Late last month, a group of five national progressive organizations announced their support for Marie Newman, a Democrat running for Congress in Illinois. Nothing unusual there: Newman is a down-the-line progressive on everything from economic populism, immigration, LGBT rights, gun violence and a woman’s right to choose.

What made the move so unusual is that there is already a Democrat safely in the seat.

In a year defined by fierce resistance to President Donald Trump, the move marked the most aggressive challenge to a sitting Democrat this cycle, because it wasn’t organized by groups that have been set up specifically to challenge Democrats from the left, but rather by ones that often support those who’ve already been elected, while training their fire instead on Republicans.

The groups broadly come from the activist wing of the party that is comfortable working with establishment Democrats, if at occasionally an arms-length distance: NARAL Pro-Choice America, the Human Rights Campaign, MoveOn.org, Democracy for America, and the Progressive Change Campaign Committee. The five joined Daily Kos, which had previously endorsed Newman.

As a signal of how significant the move was, take note of who did not join in the endorsement: Planned Parenthood, EMILY’s List, or organized labor.

The latter absence is not hard to explain, as Rep. Dan Lipinski, D-Ill., much like his father before him, has long commanded the loyalty of unions in the district, who are closely tied to the party machinery, a machine that can still move a lot of ground in the state. “We’ve been gunning for Lipinski for something like 10 years now, and until organized labor abandons him, it’s always an uphill slog. But he certainly has no business being a Democrat and would love to see Newman catch fire,” Markos Moulitsas, head of Daily Kos, told The Intercept.

But for Planned Parenthood and EMILY’s List, the abstention is a window into the power of incumbency and the influence of the national Democratic Party.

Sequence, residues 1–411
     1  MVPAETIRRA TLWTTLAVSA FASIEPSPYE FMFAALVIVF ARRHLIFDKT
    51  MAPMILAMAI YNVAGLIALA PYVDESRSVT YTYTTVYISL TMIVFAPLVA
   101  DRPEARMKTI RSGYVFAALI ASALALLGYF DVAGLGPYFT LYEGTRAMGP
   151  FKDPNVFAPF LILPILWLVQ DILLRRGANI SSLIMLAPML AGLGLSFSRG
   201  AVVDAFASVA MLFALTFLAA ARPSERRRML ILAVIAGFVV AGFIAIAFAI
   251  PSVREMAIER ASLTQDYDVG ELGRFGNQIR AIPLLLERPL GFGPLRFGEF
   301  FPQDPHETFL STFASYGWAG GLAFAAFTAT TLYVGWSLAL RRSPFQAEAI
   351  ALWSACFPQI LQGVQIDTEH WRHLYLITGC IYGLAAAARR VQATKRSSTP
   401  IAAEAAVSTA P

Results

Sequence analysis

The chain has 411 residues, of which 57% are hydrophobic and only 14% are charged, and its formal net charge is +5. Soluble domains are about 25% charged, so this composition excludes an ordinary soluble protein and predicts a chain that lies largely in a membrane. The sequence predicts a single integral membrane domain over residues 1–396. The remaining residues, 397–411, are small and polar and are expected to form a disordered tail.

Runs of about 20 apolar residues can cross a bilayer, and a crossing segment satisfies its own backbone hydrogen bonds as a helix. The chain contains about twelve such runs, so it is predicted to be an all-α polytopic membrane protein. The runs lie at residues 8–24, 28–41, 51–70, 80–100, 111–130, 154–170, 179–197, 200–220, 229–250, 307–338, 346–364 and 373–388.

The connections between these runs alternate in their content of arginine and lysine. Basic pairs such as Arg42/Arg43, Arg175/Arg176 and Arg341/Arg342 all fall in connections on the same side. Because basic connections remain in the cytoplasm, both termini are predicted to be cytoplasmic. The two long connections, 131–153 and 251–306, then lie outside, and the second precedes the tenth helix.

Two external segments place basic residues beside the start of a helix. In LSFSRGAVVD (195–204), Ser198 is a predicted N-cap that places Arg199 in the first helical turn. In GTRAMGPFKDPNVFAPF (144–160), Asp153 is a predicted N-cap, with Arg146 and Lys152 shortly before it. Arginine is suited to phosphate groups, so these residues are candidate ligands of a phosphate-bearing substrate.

The letter “D” might come after Lipinski’s name, but he doesn’t vote like a Democrat in 2017. Anti-choice, skeptical of LGBT rights, and often on the side of anti-immigrant efforts, Lipinski’s record is far out of step with his district, which went for Bernie Sanders by roughly eight points in the Democratic primary, and to Hillary Clinton by about 16 points in the 2016 general election.

On paper, there is no question which candidate EMILY’s List or Planned Parenthood would be supporting in a straight-up race between a pro-choice, progressive woman and an anti-choice, conservative man. Newman knows the 3rd District well; she was raised in Palos Park, attended Carl Sandburg High School, and currently resides in La Grange with her husband and two children. She comes from a corporate background and made her career as a marketing professional, but she became a rights advocate and formed a nationwide coalition of anti-bullying nonprofits after her child, who is transgender, was bullied at school. More recently, Newman met with state and federal lawmakers to discuss gun control, as part of her work with Moms Demand Action for Gun Sense in America.

EMILY’s List is specifically dedicated to electing pro-choice women and didn’t respond to multiple requests for comment on its decision not to back Newman. Erica Sackin, a spokesperson for Planned Parenthood Action Fund, said that the organization has yet to make decisions on 2018 elections, but did not look fondly on the record of Lipinski. “It’s essential to elect people who will be champions for reproductive health and rights,” she said in a statement. “We’ve seen over the years that Rep. Dan Lipinski has not been a champion for women or women’s rights, and in fact has only a 23 percent voting record rating from the Planned Parenthood Action Fund.”